Times of India
TNN | Apr 29, 2015, 04.54AM IST
VISAKHAPATNAM: The 2000-year-old Buddhist heritage site on Bavikonda Hill near Bheemili Road seems to be facing a threat of encroachment as a part of the hill, very close to the heritage site, has been fenced off allegedly for private construction activity against archaeological norms.
The private site supervisor, who happened to be on the spot when this correspondent visited the place, said a private building is coming up. Sources indicated that a former chief minister’s kin owns the government’ land but authorities seem to be unaware of the issue.
The Bavikonda Buddhist Complex, located atop a 130-metre hill nearly 20 km from the Port City, is one of the four Buddhist heritage sites in the district and is situated close to the Thotlakonda Buddhist heritage site. No tourist could be spotted on the sprawling complex, which houses various kinds of ancient stupas and viharas, but is now overrun by dry reeds. The watchman, Ram Naidu, said, “Hardly any visitors come here. Usually, youngsters carrying liquor bottles frequent the place.”
Barely a five-minute walk from the heritage site through a red earthen track takes one to a huge fenced plot admeasuring around six-seven acres. When asked about the fenced plot, a person who identified himself as the site supervisor Acchu Babu, said, “Some building is coming up. I’m not sure whether it will be an institute or a residential building.”
Reliable sources, who visited the site earlier, indicated that one of the persons present there had mentioned that a certain private educational institution, which owns a chain of colleges, might be building a new centre there. Interestingly, the educational institution in question belongs to the kin of a former Andhra Pradesh chief minister. In fact, according to sources, most of the land up the hills between Rushikonda-Bheemili Road are benami property of politicians.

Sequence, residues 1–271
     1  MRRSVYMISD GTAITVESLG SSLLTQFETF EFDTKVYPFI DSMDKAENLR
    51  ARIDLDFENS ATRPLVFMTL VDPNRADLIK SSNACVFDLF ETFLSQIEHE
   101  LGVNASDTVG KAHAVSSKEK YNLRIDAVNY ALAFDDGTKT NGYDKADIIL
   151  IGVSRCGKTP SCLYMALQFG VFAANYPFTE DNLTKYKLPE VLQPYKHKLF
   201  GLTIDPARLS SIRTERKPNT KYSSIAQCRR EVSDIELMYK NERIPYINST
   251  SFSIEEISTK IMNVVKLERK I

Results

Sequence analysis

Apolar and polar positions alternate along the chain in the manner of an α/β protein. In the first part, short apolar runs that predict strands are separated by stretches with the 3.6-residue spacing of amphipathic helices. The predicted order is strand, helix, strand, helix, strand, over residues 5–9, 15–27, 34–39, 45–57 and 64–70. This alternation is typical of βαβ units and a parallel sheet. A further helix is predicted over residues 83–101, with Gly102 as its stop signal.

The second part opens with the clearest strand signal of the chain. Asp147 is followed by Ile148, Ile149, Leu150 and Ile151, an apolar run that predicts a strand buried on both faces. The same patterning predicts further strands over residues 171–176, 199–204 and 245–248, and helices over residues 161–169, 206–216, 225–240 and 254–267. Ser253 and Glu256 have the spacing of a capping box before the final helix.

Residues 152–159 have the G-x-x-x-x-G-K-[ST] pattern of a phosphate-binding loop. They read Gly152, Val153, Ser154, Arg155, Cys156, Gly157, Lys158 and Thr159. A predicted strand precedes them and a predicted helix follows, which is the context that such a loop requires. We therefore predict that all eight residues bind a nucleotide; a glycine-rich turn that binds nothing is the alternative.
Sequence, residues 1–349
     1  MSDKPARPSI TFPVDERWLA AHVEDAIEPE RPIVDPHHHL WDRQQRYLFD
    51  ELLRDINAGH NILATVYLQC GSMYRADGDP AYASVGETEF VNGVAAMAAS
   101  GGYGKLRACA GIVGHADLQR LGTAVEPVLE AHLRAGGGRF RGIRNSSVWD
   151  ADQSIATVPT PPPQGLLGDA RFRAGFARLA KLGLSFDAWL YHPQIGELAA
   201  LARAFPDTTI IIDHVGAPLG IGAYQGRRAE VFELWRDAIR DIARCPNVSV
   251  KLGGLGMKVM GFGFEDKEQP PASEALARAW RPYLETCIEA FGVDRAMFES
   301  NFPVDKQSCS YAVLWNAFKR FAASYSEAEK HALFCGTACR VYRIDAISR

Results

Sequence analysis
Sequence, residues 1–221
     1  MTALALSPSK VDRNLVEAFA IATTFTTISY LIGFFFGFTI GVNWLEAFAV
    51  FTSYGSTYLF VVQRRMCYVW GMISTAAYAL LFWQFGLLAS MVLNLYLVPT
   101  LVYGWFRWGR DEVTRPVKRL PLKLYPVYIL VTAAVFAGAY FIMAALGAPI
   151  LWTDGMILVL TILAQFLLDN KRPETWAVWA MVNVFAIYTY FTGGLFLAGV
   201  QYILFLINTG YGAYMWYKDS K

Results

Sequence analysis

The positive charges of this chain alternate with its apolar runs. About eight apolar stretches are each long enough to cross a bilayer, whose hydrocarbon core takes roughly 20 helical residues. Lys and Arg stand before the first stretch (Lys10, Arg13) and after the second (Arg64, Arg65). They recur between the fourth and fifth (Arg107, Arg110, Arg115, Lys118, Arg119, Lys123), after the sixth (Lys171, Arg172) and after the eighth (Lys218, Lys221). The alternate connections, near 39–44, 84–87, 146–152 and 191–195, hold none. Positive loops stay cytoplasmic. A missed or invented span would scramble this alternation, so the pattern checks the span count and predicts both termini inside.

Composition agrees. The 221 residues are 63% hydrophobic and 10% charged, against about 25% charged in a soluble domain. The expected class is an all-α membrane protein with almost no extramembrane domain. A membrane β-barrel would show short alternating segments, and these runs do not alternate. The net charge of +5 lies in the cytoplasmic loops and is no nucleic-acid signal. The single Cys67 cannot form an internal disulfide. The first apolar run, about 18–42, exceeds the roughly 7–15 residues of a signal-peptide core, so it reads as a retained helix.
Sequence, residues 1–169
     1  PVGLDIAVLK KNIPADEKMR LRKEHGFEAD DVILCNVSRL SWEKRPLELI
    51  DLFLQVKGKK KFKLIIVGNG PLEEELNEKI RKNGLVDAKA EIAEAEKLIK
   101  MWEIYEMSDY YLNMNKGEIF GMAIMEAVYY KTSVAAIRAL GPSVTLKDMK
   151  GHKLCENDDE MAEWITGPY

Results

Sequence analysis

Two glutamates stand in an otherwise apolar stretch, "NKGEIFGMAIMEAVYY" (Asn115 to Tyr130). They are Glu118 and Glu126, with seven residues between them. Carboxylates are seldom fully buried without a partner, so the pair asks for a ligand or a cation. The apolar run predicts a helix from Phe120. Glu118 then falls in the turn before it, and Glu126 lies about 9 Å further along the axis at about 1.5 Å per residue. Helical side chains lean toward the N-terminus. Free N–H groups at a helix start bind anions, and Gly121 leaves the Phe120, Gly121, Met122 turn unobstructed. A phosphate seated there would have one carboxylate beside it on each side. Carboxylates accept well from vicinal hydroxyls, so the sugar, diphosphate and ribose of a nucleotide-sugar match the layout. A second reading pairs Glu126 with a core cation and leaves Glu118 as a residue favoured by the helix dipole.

The entire hill legally belongs to the state department of archaeology and museums. When asked about the issue, AP State Department of Archaeology and Museums assistant director K Chitti Babu denied any knowledge of upcoming construction activity in the area. “The entire 360 acres belong to our department and is a protected area. The fence could also be a boundary for our site. In case anyone attempts to encroach, action will be taken against them. There are some parcels of land on Bavikonda Hill that were given to private parties earlier by the state government,” Chitti Babu admitted.
However, when asked Indian National Trust for Art and Cultural Heritage (Intach) member and noted heritage activist Rani Sarma stated, “Whether government or private, nobody is allowed to construct any concrete structure in and around protected areas and certainly not up Bavikonda Hill as it’s against archaeological norms. We have to be cautious that no such constructions come up in future either.”